“No,” Valerie beamed at him. “You’re not going to rehab haunted buildings because you are going back to work at Lipson Construction this summer.”

“What about the state!?”

“The state is going to resolve their issue this week,” Valerie said.

“How do you…?” Jacob asked. “Wait, what do you have planned?”

“Planned? Me?” Valerie bat her eyes at Jacob.

“This is not going to be good,” Jacob said.

“Good?” Valerie said. “It’s going to be great! Trust me.”

“That’s exactly what I’m worried about,” Jacob said.

Valerie laughed.


Wednesday afternoon — 3:40 P.M.

“Who exactly are you?” Seth O’Malley asked the man in front of him.

He was standing on the corner of 13th Avenue and Cherokee.

“Baxter Gaston. I work for Westword,” the man said.


Seth looked up to see Delphie waving to him. He smiled at her. The last thing he wanted was to be caught talking to a psychic by some punk reporter for Denver’s illustrious alternative paper, Westword.

“You caught me at a tough time,” Seth said. He watched Delphie approach. “I’m just about to go into a meeting.”

“Baxter!” Delphie said. “I didn’t expect to see you here.”

Turning toward her, the reporter smiled.

“Nice to see you, Delphie. I was just talking to Detective O’Malley.”

“Don’t let me interrupt,” Delphie said. “We were going for some coffee.”

“You and Detective O’Malley are…”

“Friends,” Delphie said. “We’ve known each other a long time. His nephew is living with us now. Nosey uncle wants a full report.”

Baxter laughed in response to Delphie’s gossiping tone.

“Then you won’t mind me asking about the murder…” Baxter turned to Seth.

“What murder?” Seth asked.

“The man who was murdered last night downtown,” the reporter said. “They haven’t released the name or any information about…”

“Not my case,” Seth said. “You’ll need to speak with someone else.”

With his arm over Delphie’s shoulder, he directed Delphie away from the young man. They were a hundred feet away from the man when he yelled:

“Wait! There’s more than one murder?”

Without looking back, Seth and Delphie scooted up the steps into Dozens. They were seated near the windows on 13th Avenue. Through the windows, they watched the young man decide whether to follow them.

“Can I take your order?” the woman behind the counter asked.

And Baxter Gaston disappeared.

Seth blew out a breath. So far, they’d avoided coverage of his mysterious serial killer. It couldn’t last forever. The longer the killer went without press attention, the more they drew him out of hiding. Some day he would make a mistake, and Seth would be there to catch him. Their waitress had just dropped off Delphie’s green tea when he heard:

“I don’t know anything about last night’s murder, Baxter,” Delphie said to the approaching reporter.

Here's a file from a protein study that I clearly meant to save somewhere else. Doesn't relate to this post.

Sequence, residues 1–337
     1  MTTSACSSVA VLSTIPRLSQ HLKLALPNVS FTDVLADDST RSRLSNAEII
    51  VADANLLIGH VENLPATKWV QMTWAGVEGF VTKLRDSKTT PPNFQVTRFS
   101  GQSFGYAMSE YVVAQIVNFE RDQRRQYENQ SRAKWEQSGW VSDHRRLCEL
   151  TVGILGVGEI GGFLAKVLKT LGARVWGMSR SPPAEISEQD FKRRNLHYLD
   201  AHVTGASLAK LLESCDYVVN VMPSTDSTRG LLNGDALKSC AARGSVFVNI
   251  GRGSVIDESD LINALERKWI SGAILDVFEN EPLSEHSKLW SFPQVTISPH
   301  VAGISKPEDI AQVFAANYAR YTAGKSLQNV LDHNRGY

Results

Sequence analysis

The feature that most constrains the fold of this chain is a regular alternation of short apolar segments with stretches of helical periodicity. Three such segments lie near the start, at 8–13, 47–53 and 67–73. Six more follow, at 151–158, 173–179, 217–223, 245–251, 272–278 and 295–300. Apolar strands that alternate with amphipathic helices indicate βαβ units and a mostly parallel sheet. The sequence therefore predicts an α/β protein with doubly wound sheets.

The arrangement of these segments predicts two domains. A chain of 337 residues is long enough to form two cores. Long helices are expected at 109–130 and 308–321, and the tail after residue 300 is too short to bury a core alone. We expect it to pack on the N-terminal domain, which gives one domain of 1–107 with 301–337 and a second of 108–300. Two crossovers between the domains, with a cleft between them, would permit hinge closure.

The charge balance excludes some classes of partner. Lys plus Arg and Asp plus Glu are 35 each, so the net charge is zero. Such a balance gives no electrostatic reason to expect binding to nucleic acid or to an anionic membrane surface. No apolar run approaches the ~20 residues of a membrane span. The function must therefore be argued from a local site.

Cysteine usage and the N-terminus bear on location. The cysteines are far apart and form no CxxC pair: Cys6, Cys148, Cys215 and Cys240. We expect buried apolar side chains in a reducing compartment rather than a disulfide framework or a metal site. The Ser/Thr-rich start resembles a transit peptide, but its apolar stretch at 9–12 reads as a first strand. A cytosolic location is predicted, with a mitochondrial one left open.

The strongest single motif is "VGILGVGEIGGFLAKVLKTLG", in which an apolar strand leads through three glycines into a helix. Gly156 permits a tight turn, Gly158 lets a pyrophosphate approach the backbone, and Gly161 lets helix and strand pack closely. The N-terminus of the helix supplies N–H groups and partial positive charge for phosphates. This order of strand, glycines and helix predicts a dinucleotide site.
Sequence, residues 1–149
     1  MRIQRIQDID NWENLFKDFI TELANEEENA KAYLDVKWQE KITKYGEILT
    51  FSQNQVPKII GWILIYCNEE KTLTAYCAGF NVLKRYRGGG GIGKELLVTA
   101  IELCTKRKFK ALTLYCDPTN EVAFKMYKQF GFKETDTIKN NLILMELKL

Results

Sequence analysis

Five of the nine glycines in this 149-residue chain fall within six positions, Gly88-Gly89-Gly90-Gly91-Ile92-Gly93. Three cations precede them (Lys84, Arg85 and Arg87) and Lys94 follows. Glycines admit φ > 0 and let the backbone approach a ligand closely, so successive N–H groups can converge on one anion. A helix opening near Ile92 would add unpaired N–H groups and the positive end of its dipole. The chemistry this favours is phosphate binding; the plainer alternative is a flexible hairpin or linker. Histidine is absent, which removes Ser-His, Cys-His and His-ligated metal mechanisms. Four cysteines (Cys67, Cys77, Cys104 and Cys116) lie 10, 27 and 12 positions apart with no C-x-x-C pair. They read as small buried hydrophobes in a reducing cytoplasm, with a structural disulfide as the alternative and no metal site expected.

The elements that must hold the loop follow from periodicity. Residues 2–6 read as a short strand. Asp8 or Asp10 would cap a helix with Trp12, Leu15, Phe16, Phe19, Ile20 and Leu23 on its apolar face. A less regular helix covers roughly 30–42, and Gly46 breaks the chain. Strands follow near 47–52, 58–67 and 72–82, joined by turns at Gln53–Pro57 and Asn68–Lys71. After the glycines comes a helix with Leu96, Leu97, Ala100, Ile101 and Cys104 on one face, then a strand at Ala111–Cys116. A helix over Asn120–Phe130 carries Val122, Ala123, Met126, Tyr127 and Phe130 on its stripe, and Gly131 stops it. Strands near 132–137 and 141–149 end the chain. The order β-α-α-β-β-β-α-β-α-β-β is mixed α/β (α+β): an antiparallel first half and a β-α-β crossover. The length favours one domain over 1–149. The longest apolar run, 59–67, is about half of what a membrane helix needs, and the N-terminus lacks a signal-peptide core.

Defeated, Seth closed his eyes. The press silence was over.


Wednesday afternoon — 4:35 P.M.

“I’m sorry,” the doctor said. “Who are you?”

“I’m Charlie,” he said. “My sister is in…”

“Your sister Sandra?” the doctor asked. “Are you here with an adult?”

“Her husband is on his way,” Charlie said. “I promise you. She’s my sister. I was with her when… What happened?”

“She’s spiked a fever and her white count is up. She’s reported pain in her abdomen. We gave her something for the pain and she’s sleeping now,” the doctor said. “The baby is fine. Everything with the pregnancy seems fine.”

“Charlie!” Jill said.

Jill, Heather and Tanesha ran to his side.

“What’s happening with Sandy?”

“Who are you?” the doctor asked.

“They’re Sandy’s best friends,” Charlie said. “How could Sandy have pain in her abdomen and have it not be the baby?”

Jill shook her head.

“Miss, why are you shaking your head?” the doctor asked. “If you know something that might help…”

“No, I don’t know anything,” Jill said. “She was sick last night and… Upset. I told her she needed to rest but she…”

“She’s lucky she was already in a hospital,” the doctor said. “She was at Children’s…”

“Our little sister is in the eating disorders clinic there,” Charlie said.

“So you’re not here by yourself.” The doctor looked relieved. “I’m glad. Sandra is going to be with us for a while.”

“Would you mind checking to see if her appendix burst?” Jill asked.

The doctor blinked at Jill. Jill gave him a bright smile.

“Appendix?” he asked. “I…”

“It runs in our family,” Charlie said.

The doctor looked at Charlie then Jill. Without another word, he spun in place and jogged back into the emergency room.

“So…” Tanesha said. “Does it?”

“Does what?” Charlie asked.

“Does appendicitis run in your family?” Heather asked.

“How would I know?” Charlie said. “I just said that so he would look.”

“Thanks Charlie,” Jill said.

Heather hugged him.

“Why did you say that?” Tanesha asked.

“Last night, Aden said Sandy needed Jill’s touch,” Charlie said. “I remembered when I was a kid Sandy used to say Jill could heal anything. Can you?”